Sunday, August 14, 2011

Swiss Chard... what to do with it?

After my last post explaining the bounty of our swiss chard, I thought I should tell you what I'm doing with it. Well, trying to do anyway.

I harvest it by grabbing a bunch and cutting it off near the base. More will grow back.

Then you need to wash it. By the way, this is more difficult than you may think. The dirt likes to stick in the celery-like stalks and cling to the leaves. Even after a couple soaks in cold water, I find myself scrubbing at the stalks with a potato scrubber, and using my fingers to get final grains of dirt off the leaves. To do this for each leave is a bit time-consuming. So do the best you can.

At this point, a more particular cook would advocate separating the entire stalk from the leaf. However, since I'm not that particular, I just cut off the bottom part of the stalk and throw it into a pile. You can choose to chop off the stalks and cook them first, since they take longer to cook than the leaves, OR you can give them to your pigs and chickens, OR you can compost them. (And actually, I'm not even THAT particular anymore... I just chop it all up and throw it in the pan!)

There are several options for the cook at this point.
  • Freezing. I throw in as many leaves (wet from their wash) as will fit into my 5-qt. cooking pot and let them wilt till about 1/3 of their size, about 2-3 minutes. Then I throw them in a pan to cool off. I measure some into freezer baggies, and into the freezer they go. I'll plan to use them in egg bakes, quiches, and other hot-dish type entrees.
  • Frying. I heat up butter or coconut oil or, our favorite as of late, palm oil, in a frying pan and cook chopped onions, garlic, and some chard stalks if you like. When those are softened, fill your pan with chopped swiss chard leaves. And fry it like you mean it. It's best when leaves are partly crispy. Don't forget to add salt and pepper. I really like the palm oil... mainly because of it's strong flavor. It covers up the swiss chard flavor... ;-) But if you're not used to the flavor, it may be a bit off-putting. Butter's always good. And don't skimp on the grease!
  • Baking. Okay, this one's a bit weird. Recipe for Swiss chard chips. Yeah, you bake the leaves. Basically just toss leaves with olive oil and salt and pepper and bake. One thing I learned with this... the leaves MUST be quite dry before baking, otherwise they just wilt and are limp. Gross. My boys enjoyed the chips, and kept coming back for more. "More crunchy, Mom!" "Thanks for the crunchy, Mom!" It's fun for something different. Also, it's best to eat it all in one sitting... the chips don't keep well in my experience.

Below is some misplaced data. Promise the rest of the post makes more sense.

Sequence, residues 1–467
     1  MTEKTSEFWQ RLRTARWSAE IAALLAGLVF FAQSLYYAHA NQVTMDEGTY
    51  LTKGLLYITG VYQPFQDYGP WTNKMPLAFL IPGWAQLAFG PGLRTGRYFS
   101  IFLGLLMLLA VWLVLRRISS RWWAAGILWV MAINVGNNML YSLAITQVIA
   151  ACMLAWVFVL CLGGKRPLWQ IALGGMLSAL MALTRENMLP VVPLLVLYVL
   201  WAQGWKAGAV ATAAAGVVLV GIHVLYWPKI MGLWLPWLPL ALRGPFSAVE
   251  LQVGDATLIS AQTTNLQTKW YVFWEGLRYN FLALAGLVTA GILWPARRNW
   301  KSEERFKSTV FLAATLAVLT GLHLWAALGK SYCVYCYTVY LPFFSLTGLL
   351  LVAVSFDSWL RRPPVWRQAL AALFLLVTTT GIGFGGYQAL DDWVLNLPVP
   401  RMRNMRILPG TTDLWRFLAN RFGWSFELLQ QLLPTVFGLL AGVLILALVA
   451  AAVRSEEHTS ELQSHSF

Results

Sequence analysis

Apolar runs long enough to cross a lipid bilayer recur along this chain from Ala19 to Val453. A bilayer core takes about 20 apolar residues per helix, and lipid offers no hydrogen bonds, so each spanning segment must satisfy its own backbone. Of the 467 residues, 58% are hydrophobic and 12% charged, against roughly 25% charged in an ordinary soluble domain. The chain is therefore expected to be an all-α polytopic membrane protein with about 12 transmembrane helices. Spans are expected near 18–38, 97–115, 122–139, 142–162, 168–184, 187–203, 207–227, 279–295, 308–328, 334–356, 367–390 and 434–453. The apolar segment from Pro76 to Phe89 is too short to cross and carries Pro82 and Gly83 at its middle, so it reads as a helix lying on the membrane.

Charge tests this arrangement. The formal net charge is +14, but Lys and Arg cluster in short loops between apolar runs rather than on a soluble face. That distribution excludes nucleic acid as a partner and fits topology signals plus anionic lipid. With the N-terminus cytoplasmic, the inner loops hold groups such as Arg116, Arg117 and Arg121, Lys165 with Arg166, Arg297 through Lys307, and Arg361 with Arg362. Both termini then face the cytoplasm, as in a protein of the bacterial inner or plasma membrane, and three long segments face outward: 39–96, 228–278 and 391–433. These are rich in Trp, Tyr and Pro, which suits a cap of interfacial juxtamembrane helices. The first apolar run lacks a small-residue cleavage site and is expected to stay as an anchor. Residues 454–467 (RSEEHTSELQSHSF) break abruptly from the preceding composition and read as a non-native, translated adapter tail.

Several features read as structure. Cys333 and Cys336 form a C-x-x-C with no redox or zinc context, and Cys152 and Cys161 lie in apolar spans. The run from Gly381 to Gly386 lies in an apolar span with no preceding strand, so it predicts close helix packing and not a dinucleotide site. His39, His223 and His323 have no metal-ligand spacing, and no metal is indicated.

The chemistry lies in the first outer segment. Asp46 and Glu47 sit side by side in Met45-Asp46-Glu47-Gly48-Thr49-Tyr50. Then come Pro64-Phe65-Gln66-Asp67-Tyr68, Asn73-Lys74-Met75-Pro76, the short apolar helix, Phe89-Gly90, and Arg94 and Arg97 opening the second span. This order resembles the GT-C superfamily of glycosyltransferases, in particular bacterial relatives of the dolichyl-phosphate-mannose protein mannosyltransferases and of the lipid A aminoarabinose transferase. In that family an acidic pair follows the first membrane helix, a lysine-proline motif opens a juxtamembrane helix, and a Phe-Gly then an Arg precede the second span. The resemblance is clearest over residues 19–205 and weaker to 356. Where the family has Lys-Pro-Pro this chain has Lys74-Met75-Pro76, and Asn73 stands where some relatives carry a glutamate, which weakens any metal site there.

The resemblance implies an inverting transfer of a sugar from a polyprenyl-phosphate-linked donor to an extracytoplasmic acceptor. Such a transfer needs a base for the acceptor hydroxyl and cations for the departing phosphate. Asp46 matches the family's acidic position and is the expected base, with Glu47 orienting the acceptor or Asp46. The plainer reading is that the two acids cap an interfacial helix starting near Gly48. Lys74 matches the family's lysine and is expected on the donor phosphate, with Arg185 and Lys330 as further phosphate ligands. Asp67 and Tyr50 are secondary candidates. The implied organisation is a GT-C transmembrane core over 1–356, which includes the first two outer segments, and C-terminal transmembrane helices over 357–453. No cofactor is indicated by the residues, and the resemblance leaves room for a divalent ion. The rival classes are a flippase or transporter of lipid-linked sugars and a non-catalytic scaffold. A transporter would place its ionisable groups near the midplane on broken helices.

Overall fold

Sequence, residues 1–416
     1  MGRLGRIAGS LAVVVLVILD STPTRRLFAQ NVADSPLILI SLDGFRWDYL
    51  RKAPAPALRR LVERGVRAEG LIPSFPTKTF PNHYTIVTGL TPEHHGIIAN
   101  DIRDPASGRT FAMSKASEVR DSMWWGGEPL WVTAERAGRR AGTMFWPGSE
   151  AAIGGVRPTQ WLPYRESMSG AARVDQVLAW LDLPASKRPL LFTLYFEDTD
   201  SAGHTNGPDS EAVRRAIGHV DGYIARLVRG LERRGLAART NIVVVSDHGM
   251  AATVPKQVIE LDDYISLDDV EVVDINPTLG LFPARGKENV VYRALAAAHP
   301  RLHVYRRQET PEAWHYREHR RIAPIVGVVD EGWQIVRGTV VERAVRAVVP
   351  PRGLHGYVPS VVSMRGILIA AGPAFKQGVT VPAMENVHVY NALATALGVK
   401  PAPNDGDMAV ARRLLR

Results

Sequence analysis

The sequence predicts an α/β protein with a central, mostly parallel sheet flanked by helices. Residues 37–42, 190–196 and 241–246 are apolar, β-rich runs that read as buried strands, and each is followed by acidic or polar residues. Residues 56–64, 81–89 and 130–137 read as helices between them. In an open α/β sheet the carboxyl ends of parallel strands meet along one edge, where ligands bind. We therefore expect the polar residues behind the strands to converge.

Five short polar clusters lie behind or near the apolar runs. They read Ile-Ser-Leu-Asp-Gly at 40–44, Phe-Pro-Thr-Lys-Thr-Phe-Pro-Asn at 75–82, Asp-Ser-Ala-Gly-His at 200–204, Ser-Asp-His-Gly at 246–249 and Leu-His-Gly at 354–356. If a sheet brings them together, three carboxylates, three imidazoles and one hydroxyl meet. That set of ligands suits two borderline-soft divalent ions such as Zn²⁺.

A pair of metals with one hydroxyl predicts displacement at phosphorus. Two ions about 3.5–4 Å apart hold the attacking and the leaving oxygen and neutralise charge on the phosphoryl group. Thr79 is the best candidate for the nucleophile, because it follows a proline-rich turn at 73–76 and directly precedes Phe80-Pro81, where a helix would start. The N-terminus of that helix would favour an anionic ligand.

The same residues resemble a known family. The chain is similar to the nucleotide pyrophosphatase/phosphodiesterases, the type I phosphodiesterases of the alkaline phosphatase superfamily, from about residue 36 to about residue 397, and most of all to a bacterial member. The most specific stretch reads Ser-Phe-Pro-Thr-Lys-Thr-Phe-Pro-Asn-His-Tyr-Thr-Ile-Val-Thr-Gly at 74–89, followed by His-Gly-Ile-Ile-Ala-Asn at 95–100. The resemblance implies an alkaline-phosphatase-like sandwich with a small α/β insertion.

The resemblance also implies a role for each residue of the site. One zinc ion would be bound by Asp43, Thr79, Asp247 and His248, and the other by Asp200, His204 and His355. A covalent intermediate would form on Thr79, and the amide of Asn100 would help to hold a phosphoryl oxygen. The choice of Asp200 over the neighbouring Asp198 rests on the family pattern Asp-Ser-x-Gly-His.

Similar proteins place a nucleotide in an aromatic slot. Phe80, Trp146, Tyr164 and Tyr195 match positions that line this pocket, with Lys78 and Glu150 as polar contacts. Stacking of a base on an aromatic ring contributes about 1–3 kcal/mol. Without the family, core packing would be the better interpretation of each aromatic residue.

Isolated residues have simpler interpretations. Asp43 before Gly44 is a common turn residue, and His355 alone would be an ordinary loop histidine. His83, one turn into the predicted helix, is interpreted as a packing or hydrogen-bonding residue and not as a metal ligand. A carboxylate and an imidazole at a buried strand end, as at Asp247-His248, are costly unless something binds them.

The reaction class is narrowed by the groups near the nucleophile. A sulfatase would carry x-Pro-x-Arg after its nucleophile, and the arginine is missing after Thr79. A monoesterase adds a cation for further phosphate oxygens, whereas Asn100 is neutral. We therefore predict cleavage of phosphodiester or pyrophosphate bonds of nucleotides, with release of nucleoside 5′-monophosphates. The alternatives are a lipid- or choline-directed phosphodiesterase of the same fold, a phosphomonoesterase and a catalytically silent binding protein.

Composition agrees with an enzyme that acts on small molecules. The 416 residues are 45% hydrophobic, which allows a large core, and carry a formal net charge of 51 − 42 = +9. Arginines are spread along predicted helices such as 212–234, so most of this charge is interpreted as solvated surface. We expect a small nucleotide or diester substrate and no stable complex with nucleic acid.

Here's my oven, original from the 1960s... timer doesn't work, though.
  • Dry the leaves well!
    I put parchment paper on the pan before putting on the chard.
    My taste testers... what is this?
  • Substitution for spinach. Basically any type of dish you'd use spinach, I am pretty sure you could use swiss chard.
  • Hotdishes, quiches, sautes, salads, etc. Swiss chard is easily added in to these types of dishes.
  • Whatever your creative mind can come up with! I'm sure there are more ideas than these, but this is the extent of my creativity and willingness to experiment. I'm not quite brave enough to make "green smoothies" that you add veggies to.
We'll probably plant it again next year. But maybe not quite so much..... that stuff is prolific!

Wednesday, August 3, 2011

Garden and Animal Update

Okay, it's about time I posted this, now that it's been over two weeks since I began composing this post....

Here's what we've been up to with our animals and plants:
  • The pigs are getting bigger. They've been moved a couple times, and are currently in a large grove of trees. It's amazing how quickly they root up the ground. Today I saw one of the pigs trying to eat a golf ball. Hmm... how'd that get there?! Runty is growing, but only seemed to make progress after introducing diatomaceous earth into his diet. He must've had worms or something? When they hear you nearby, they love to come running up to you and say hi, usually by trying to nudge your leg with their snout.